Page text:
A New Jersey federal judge recently applied Tennessee and California law in dismissing a proposed class action concerning allegedly leaky water heater sensors/valves (valves) made by Honeywell International Inc. The decision provides a point-by-point explanation of how superficial allegations of product defect fail to satisfy federal pleading standards under the substantive product liability laws of both states.
In Butera v. Honeywell International, Inc., Civil Action No. 18-13417, the named plaintiffs were a resident of Tennessee and a resident of California whose water heaters began leaking six years after purchase. The plaintiffs filed a putative class action claiming that Honeywell’s hot water heater valves were defective. The plaintiffs alleged that the valves featured a plastic (thermowell) casing that “prematurely erodes” and deteriorates, allowing water leakage. They asserted claims under Tennessee’s Products Liability Act (TPLA) and causes of action under California common law, the California Commercial Code, and California’s Unfair Competition Law statute (UCL), sounding in breach of express and implied warranty, negligence, strict product liability and consumer fraud. Honeywell moved to dismiss for failure to state a claim. The court applied the laws of each plaintiff’s home state to their respective claims.
The U.S. Food and Drug Administration (FDA) has issued three letters (one warning letter and two untitled letters) over the last two months of 2019 directed at four different companies focused on the processing, distributing, and marketing of allegedly unapproved stem cell products derived from birth-related products, such as placentas, amniotic tissues, umbilical cords, and umbilical cord blood.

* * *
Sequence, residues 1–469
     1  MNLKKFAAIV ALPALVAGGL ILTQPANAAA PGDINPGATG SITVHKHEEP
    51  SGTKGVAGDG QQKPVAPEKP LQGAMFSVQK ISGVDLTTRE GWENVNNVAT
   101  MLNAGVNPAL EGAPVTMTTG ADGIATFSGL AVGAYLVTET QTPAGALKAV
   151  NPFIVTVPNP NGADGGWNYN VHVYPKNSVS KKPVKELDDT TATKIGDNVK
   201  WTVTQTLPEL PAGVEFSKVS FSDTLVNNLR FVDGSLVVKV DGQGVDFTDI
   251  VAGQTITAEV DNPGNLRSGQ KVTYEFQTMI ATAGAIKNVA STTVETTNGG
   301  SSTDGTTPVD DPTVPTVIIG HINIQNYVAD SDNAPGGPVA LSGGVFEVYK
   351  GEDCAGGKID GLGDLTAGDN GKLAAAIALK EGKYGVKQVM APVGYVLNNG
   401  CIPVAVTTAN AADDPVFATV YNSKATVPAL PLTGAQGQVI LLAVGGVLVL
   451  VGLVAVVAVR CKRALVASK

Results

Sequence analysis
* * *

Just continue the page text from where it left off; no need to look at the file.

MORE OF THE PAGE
These products, which include human cells, tissue, and cellar and tissue-based products (also known as HCT products) are intended to treat a variety of orthopedic issues, autism, cardiac issues, dementia and arthritis. HCT products are considered “articles containing or consisting of human cells or tissues that are intended for implantation, transplantation, infusion, or transfer into a human recipient.” Examples of HCT products include “bone, ligament, skin, dura mater, heart valve, cornea, hematopoietic stem/progenitor cells derived from peripheral and cord blood, manipulated autologous chondrocytes, epithelial cells on a synthetic matrix, and semen or other reproductive tissue.”
In general, a defendant may not remove a case to federal court if the action includes a non-diverse defendant or a defendant who is a resident of the state in which the action was filed. This general rule does not apply, however, if the action is removed prior to the non-diverse or forum defendant being served. This procedure, known as “snap removal” has been endorsed by the Second and Third circuits. Continue reading